Seahawks Tackling:

The Hawk Tackle:

"A shoulder leverage tackle, contacting the ball carrier on the thighs"

Coaching points:

Eyes through the thighs
Wrap and squeeze
Drive for 5 (when necessary)

The Hawk Roll Tackle:

"Shoulder leverage tackles at the thighs, that finish with the ball carrier being wrapped up at the thighs and rolled to the ground."

Coaching points:

Eyes through the thighs
Wrap and squeeze

The Profile Tackle:

"Shoulder leverage tackles that make contact with the near breastplate of the ballcarrier (near pec)"

Tackles made above the waists.

Coaching points:

Attack near pec
Drive for 5

Now, of course, this isn't revolutionary, having been borrowed from rugby and older school football without helmets, but I do find it fascinating how Carroll still dedicates time to individual drilling, particularly in the current CBA structure, which severely limits practice time (relatively).

It comes down to Seattle's belief in developing their players to play their system and become a product of their program. They're literally indoctrinating their players with Carroll's established system.

Seahawks DBs coach Kris Richard is highly respected by his players and works in tandem with Passing Game Coordinator Rocky Seto to get Seattle's corners programmed to how they want them to play.

Said Carroll recently, when asked how the Hawks have turned mid- to late-round defensive backs into contributors:

Kris Richard and Rocky Seto have done a fantastic job of training them. They're really, really, strict, and if you guys could appreciate it, they (the corners) all look the same, somewhat.

The way they step, the way they challenge at the line of scrimmage, the way they finish in the things that we teach.

This is a long, long process, to get these guys to where they are. But, now they're in the system, and it doesn't matter who steps in and plays. It's impressive.

So, it's a process, but it's kind of a systems thing for us.

As I've written here before, the Hawks spend the first 30 or 40 minutes of their practices doing seemingly basic drills. Now that training camp is upon us, you'll get to see first-hand all these drills (if you are lucky enough to go).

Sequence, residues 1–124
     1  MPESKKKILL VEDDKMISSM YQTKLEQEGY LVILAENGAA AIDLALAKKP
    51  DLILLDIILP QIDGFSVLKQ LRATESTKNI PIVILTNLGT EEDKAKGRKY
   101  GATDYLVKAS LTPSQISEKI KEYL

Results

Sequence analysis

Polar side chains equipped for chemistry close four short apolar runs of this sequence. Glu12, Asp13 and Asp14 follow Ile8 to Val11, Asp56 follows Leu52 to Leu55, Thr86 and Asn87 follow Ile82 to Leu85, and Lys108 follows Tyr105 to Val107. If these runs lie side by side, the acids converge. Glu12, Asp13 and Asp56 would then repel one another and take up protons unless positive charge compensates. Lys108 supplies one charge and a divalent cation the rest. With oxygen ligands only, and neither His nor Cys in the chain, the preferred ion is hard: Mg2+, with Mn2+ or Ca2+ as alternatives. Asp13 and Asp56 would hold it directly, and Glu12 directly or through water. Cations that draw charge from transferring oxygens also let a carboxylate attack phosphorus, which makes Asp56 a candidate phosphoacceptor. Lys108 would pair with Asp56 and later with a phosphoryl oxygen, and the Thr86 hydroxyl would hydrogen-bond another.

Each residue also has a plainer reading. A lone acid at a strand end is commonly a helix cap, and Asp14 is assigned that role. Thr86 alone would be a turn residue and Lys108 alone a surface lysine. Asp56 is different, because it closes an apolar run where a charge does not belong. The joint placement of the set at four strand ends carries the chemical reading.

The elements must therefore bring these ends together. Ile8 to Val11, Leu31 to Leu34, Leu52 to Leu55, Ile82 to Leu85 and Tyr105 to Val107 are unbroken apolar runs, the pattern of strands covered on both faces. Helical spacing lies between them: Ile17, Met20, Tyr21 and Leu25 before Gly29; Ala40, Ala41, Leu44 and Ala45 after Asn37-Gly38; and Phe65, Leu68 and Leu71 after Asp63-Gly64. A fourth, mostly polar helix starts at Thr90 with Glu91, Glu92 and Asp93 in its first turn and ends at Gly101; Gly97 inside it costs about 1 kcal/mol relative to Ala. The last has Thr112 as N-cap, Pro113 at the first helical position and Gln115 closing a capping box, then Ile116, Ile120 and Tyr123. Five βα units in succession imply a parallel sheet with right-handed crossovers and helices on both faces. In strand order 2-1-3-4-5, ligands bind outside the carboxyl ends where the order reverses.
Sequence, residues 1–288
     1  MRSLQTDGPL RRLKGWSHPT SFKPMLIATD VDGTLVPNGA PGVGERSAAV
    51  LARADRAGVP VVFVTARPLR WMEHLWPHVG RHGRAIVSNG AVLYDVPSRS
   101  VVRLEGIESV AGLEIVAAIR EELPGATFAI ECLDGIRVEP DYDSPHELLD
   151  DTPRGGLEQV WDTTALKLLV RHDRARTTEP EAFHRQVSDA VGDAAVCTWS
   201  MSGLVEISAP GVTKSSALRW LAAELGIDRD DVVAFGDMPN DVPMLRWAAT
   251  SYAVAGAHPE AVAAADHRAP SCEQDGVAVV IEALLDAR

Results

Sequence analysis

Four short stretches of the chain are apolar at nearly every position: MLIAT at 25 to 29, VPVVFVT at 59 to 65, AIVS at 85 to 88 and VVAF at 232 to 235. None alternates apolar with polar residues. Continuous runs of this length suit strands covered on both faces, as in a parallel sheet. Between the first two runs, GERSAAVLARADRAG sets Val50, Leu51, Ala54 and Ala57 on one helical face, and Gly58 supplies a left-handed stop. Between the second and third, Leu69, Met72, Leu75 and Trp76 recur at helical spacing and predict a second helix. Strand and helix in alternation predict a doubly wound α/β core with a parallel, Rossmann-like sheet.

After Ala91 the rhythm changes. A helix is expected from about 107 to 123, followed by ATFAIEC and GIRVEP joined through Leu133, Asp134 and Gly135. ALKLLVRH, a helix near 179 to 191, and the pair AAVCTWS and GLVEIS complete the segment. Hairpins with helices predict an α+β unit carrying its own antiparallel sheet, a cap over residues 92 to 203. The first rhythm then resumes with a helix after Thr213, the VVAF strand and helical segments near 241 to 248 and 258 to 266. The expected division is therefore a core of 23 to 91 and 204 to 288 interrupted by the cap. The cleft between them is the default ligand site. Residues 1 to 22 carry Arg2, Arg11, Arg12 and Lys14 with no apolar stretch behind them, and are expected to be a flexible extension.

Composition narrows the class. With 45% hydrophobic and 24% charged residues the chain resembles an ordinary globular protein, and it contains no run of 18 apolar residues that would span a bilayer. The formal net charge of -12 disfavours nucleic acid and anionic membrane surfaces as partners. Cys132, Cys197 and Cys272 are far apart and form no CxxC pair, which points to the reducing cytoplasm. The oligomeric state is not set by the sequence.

They spend 10-15 minutes stretching, then they do the 'bag drill', with coaches firing up their players as they run, stepping over speed bump bags. This seems like something you'd see 12-year olds doing before practice but with Pete Carroll's program, it's ostensibly meant as a rite of passage into the practice you're about to undertake. Maybe he does it to stir some nostalgia in his players - take them back to their days of playing Pop Warner, where they played for the love of the game and not glory or a game-check. Maybe Carroll's just a dork. Either way, it gets the players fired up and the crowd fired up as well.

Once the team runs through the bag drill, the positional groups split and work on fundamentals. These drills, in my mind, are meant as 'muscle memory' exercises, and I can appreciate the fact that Carroll's teams spend time with this. The famous Carroll fumble-recovery drills - these engrain the technique of falling on a ball and wrapping your body around it, in the hopes that it becomes instinctual when the 'bullets are flying'. There are many other less obvious drills though, and I've tried to pay close attention to those.

During last year's camp, I noticed one that took place between former rookie John Lotulelei and one of the linebackers' coaches (not Ken Norton). In this drill, Lotu placed his hand on the coach's hip, following him closely whilst mirroring his steps precisely. The coach chopped his feet, then cut left, away from Lotu, fake-running a pass route as a tight end or slot receiver. This was done in slow motion and Lotu chopped his feet in as close to a unison with his coach as possible, and closed on the route behind him.

They then repeated the exercise in full speed, and you could see the technique that was being ingrained in the linebacker - it was a trailing coverage drill, meant to prepare the defender to trail a receiver or tight end, mirroring footsteps (running step for step) - to the point that the receiver or tight end chops their feet to stem their route. The technique was then, for the linebacker, to do the exact same thing, closing over the top and attempting to disrupt the passing lane with an arm or hand. It was pretty interesting to watch.

It's the same with their tackling fundamentals, their tracking fundamentals, and on and on.